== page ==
A good week on the awards front for Irish authors

A sneak preview of tomorrow’s books pages

 Donal Ryan: shortlisted for the Costa Novel Award. Photograph:  Nick Bradshaw

Donal Ryan: shortlisted for the Costa Novel Award. Photograph: Nick Bradshaw

 

It has been another good week on the awards front for Irish authors. Normal People by Sally Rooney and From A Low and Quiet Sea by Donal Ryan wereshortlisted for the Costa Novel Award, the most prestigious award for a novel open only to British and Irish authors.

Rooney and Ryan were also longlisted for this year’s Man Booker Prize, which was won by Belfast author Anna Burns for Milkman. All three have been shortlisted for Novel of the Year at next Tuesday’s An Post Irish Book Awards. Earlier this week, Rooney was named International Author of the Year at Britain’s Specsavers National Book Awards.

In tomorrow’s Irish Times books pages, Dublin Review editor Brendan Barrington examines the fiction/nonfiction binary which is under pressure from both sides of the divide, as a new breed of creative writers experiment with essay, reportage and memoir as interchangeable concepts.

Caoimhín de Barra, author of The Coming of the Celts: Celtic Nationalism in Ireland and Wales, contrasts Welsh and Irish experiences and expressions of national identity through language, culture and politics. We also publish the winning Hennessy New Irish Writing story and poems.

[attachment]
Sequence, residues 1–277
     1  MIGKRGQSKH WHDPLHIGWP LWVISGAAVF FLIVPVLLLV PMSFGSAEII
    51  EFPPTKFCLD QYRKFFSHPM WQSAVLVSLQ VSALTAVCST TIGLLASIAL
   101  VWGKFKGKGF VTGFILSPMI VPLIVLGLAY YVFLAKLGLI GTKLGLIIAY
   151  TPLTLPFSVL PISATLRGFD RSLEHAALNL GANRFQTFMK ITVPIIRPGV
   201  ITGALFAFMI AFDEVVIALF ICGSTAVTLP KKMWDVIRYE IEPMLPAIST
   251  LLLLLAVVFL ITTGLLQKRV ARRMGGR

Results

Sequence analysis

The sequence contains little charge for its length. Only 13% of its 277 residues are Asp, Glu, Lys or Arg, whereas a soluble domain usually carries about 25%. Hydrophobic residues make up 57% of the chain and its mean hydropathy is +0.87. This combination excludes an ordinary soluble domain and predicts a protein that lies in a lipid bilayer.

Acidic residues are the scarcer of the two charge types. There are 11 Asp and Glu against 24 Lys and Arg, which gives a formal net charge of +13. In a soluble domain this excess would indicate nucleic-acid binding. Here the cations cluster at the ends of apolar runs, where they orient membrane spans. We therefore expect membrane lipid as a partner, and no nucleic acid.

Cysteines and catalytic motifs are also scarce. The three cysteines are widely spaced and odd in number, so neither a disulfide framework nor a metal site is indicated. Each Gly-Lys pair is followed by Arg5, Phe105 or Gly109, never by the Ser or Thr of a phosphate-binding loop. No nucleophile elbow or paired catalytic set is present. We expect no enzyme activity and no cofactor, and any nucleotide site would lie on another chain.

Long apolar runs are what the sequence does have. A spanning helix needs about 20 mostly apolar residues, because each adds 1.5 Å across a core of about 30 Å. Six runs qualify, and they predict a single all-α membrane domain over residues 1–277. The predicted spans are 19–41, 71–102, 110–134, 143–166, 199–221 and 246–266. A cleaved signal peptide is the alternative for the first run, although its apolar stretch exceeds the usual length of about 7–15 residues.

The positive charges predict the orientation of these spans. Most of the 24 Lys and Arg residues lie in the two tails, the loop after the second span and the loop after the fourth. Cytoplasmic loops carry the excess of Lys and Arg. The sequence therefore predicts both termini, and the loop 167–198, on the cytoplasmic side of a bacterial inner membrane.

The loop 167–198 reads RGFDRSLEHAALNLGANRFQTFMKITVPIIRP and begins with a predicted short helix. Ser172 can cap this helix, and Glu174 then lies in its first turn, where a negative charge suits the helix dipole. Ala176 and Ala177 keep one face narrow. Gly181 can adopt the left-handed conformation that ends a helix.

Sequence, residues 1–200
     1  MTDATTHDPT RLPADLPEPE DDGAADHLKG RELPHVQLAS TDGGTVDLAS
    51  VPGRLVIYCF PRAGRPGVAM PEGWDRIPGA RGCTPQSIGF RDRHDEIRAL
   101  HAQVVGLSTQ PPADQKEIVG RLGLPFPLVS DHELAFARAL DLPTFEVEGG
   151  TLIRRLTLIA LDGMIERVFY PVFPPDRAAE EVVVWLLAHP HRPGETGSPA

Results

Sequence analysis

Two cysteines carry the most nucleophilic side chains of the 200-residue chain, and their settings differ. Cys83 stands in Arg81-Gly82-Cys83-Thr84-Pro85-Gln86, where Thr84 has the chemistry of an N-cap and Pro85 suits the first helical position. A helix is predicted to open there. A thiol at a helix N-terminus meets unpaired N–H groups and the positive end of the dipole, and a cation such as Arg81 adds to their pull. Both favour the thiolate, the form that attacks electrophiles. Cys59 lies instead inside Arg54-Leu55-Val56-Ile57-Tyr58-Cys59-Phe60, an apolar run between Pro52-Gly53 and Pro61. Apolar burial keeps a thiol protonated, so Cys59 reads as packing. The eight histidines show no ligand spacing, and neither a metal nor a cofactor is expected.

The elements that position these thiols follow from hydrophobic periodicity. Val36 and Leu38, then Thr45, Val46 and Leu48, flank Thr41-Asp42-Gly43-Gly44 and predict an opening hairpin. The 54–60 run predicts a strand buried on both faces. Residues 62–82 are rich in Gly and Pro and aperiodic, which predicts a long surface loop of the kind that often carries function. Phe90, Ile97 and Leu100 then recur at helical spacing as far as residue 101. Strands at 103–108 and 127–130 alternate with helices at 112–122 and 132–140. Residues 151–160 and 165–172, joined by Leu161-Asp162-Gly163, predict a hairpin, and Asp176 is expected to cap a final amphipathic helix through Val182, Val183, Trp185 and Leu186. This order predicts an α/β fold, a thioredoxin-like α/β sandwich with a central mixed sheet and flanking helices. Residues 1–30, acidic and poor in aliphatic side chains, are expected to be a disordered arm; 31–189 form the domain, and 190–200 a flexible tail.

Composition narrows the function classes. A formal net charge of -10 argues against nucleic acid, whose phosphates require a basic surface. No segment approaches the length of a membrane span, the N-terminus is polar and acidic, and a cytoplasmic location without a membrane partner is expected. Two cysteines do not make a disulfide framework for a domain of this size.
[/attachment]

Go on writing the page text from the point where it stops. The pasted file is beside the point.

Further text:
Reviews include Anne Harris on The Sunday Papers: A History of Ireland’s Weekly Press by Joe Breen and Mark O’Brien; Padraig Collins on Ned Kelly: Selectors, Squatters and Stock Thieves by Doug Morrissey; Vic Duggan on Identity: The Demand for Dignity and the Politics of Resentment by Francis Fukuyama; Eleanor Fitzsimons on Oscar: A Life by Matthew Sturgis; Julie Parsons on Couples by John Updike; David Hayden on Berta Isla by Javier Marias; John Self on Lucia Berlin; Niamh Purseil On Nano Nagle: The Life and the Legacy; Sarah Gilmartin on The Wooden Hill by Jamie Guiney; and Claire Hennessy on the best new YA fiction.

And if you buy The Irish Times this weekend in an Eason outlet, you can save €3 and buy Dead If You Don't by Peter James for €4.99.

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